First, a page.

The Theology of Prayer & Aspiration
by Robert Crouse
Regarded from the standpoint of human psychology, and as a phenomenonof universal religious practice, prayer appears to be simply the articulation of human desires, human longings, and human aspirations. “My soul is athirst for God,” cries the Psalmist, and it is indeed that thirst, that desire for God, which—whether acknowledged or merely implicit—underlies and impels every quest of the human spirit.
“All men by nature desire to know,” says Aristotle at the beginning of his Metaphysica.1 But what is it that they desire to know? They long to know the reasons of things, the causes, the truth of things; finally to know that truth by which and in which all things have their truth. Thus Dante, in the Paradiso, compares the intellect’s desire to a wild beast racing to its den, where alone it can find rest.2 What are all our sciences, what are all our fragments of knowledge but droplets from that fountain of which we long to drink in all its fullness? “My soul is athirst for God, yea, even for the living God.”
What is our quest for happiness, but a desire for the good; and what is that good we seek—whether knowingly or not—but some participation in the pure and perfect good that is God himself? What is our quest for liberty, but our longing for God’s own city, the heavenly Jerusalem, which is above, and is free, and is the mother of us all? “My soul hath a desire and longing to enter into the courts of the Lord: my heart and my flesh rejoice in the living God” (Ps. 84:2). What is our quest for beauty, but a longing for that pure and perfect beauty which belongs to Zion; and what are all our fragmentary images of beauty, whether in music, or painting, or sculpture, or poetry, or whatever human arts, but pallid reflections of the unimaginable beauty of the countenance of God? “My heart hath talked of thee, Seek ye my face: thy face Lord, will I seek. O hide not thou thy face from me: nor cast thy servant away in displeasure” (Ps. 27:8–9).
Desire of the Pilgrim
Desire takes so many forms, and speaks with so many different voices. High up in the mountains of central Italy, in Abruzzo, there is a tiny, isolated hamlet called Bominaco; and near that place, in a solitary spot on a mountainside, there is a supremely lovely twelfth-century church, with frescoes, sculpture, and architectural lines of such exquisite beauty as to move one to tears. The pastor of Bominaco sums up the meaning of the place in one phrase: “insonne desiderio di Dio”: unsleeping desire for God. It is the soul’s thirst, articulated in stone. “One thing have I desired of the Lord that I will require, even that I may dwell in the house of the Lord all the days of my life: to behold the fair beauty of the Lord and to visit his temple” (Ps. 27:4).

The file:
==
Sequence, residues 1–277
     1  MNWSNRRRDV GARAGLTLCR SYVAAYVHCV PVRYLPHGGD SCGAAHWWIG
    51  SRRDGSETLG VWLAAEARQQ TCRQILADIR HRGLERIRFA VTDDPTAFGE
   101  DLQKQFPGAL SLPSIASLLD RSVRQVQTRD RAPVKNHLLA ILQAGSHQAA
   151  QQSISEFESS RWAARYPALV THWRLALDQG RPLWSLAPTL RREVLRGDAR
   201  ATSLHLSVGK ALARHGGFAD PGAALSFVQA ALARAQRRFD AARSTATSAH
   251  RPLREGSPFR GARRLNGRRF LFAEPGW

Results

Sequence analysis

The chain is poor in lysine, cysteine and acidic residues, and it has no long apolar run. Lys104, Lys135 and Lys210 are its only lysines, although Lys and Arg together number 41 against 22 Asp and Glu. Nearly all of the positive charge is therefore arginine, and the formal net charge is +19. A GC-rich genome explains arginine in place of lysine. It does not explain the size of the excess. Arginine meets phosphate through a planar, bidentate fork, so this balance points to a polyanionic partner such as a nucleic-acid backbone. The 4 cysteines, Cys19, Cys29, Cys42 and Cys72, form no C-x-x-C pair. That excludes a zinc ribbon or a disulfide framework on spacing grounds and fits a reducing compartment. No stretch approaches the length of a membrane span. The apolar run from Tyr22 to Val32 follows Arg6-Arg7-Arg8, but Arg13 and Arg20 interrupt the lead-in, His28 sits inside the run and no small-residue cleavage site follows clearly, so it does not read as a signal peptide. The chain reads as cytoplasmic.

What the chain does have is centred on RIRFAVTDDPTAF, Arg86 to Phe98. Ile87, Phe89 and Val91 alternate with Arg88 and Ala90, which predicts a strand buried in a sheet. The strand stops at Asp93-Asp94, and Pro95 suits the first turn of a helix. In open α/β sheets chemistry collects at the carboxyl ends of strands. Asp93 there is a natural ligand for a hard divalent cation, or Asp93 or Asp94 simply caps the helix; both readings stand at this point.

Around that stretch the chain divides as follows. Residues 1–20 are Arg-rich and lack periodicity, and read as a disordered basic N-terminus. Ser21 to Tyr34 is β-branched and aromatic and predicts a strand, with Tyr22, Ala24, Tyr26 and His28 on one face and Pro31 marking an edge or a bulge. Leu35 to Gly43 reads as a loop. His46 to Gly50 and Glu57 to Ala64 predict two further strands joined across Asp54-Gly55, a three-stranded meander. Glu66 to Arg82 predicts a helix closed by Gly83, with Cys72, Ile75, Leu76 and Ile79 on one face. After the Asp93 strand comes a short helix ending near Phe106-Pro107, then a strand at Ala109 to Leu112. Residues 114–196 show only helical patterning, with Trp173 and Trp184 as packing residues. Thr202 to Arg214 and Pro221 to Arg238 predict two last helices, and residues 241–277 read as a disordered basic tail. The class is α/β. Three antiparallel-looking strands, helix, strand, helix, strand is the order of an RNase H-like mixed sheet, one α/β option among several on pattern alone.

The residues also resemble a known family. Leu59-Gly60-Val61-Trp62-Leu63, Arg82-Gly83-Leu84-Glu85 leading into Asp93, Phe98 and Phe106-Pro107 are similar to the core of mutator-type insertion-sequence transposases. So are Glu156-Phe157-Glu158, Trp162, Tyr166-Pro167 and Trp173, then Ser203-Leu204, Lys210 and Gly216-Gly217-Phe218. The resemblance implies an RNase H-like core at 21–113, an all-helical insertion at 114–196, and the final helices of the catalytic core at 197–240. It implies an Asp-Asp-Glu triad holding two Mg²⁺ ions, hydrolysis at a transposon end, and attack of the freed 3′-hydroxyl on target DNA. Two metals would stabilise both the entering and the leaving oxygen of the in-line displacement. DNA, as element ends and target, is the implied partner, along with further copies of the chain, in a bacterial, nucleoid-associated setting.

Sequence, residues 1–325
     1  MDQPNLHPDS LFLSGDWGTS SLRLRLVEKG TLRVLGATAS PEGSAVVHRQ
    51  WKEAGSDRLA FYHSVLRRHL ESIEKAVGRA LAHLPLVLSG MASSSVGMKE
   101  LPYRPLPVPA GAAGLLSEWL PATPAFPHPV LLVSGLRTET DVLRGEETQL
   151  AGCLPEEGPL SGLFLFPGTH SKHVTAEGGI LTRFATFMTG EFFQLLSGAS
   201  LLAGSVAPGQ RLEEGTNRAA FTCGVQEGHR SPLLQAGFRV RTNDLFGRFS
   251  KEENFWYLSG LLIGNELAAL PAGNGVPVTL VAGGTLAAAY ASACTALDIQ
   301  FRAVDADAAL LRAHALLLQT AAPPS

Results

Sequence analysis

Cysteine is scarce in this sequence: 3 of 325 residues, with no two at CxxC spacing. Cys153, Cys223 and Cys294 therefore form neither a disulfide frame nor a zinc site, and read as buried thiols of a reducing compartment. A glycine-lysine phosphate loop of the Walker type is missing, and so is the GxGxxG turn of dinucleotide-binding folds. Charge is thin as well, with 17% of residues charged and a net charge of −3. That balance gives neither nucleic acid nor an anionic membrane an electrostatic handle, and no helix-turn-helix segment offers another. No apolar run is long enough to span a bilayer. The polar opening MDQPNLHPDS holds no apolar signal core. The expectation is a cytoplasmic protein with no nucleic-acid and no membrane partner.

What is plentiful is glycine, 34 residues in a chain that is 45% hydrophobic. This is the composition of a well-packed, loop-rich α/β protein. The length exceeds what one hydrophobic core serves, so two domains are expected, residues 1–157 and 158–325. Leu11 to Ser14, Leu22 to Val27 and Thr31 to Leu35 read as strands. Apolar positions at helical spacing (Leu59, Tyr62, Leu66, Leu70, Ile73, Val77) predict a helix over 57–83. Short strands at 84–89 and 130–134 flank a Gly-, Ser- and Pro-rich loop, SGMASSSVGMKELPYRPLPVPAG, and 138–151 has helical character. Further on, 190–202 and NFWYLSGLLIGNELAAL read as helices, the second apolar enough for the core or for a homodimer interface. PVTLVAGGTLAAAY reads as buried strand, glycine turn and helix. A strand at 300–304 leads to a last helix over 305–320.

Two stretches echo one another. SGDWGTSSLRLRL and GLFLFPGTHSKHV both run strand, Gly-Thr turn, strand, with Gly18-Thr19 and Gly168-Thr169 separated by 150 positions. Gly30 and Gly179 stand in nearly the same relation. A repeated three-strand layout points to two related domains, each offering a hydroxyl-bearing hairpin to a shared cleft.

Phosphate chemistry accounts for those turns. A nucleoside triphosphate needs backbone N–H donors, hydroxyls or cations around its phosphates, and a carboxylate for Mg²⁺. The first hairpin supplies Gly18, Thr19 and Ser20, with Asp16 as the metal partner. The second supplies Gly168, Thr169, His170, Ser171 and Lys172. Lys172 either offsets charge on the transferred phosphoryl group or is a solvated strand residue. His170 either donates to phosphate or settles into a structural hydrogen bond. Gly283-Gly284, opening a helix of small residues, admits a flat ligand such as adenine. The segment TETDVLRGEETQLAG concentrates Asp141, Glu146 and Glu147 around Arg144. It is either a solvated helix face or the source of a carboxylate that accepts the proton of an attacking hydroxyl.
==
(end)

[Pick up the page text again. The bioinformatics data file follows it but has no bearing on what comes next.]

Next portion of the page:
All human desire, all human longing and aspiration, expressed in a thousand different forms, at a thousand different levels, is ultimately desire for God. Dante makes that point lucidly in the Convivio:
Prayer is the interpretation, the articulation of all this desire: the soul’s ceaseless desire for God; and prayer is therefore, indeed, as George Herbert describes it, “soul in paraphrase, heart in pilgrimage.”4 Indeed, the desire is itself the substance of the prayer, as St. Augustine remarks in one of his sermons: “Desire itself prays, even if the tongue be still. If you always desire, always you pray. When does prayer sleep? Only when desire grows cold.”5 St. Thomas Aquinas makes the same point in his commentary on the First Epistle to the Thessalonians, when he says that “desire itself has the force of prayer,”6 and Richard Hooker sums it up in a comment in the Laws of Ecclesiastical Polity, where he remarks that “Every good and holy desire, though it lack the form, hath notwithstanding in itself the substance and with him the force of a prayer, who regardeth the very moanings, groans and sighs of the heart of man.”7
The articulation of desire, the articulation of human longings and aspirations: from the standpoint of human psychology and universal religious practice, that is the meaning of prayer. It is homesickness for God. “My soul thirsteth for thee, my flesh longeth after thee: in a barren and dry land where no water is.”(Ps. 63:1).
But looked at only in that perspective—the perspective of human aspiration and human experience—it has inevitably a tragic character, because it seeks an end that human energy and human ingenuity can never attain: It seeks the divine life, it seeks divine friendship, it seeks to be as God. That is tragic hubris, the tragic pride of human aspiration, whether one thinks of that in terms of the biblical accounts of the expulsion from the garden, and the destruction of the Tower of Babel, or whether one thinks of the fate of the heroes of Greek tragic poetry; for the divine life and the divine friendship appear to be, as Aristotle remarks, “a life too high for man.”8
Remember how the temple of the oracle at Delphi bore the inscription gnothi seauton, “know thyself”9—know that you are a man and not a god, and do not transgress the human limits. The end of our desire must remain eternally beyond us, as in Keats’s meditation on the figures of the lovers painted on a Grecian urn, poised there forever in the moment just before the kiss: “Bold lover, never, never canst thou kiss, Though winning near the goal.”10 There is, of course, in such a spirituality a terrible hopelessness, perhaps most fully manifest in the desperate religiosity of the last great pagan philosophers,11 and perhaps less nobly manifest in some of the bizarre religious enthusiasms of our own times.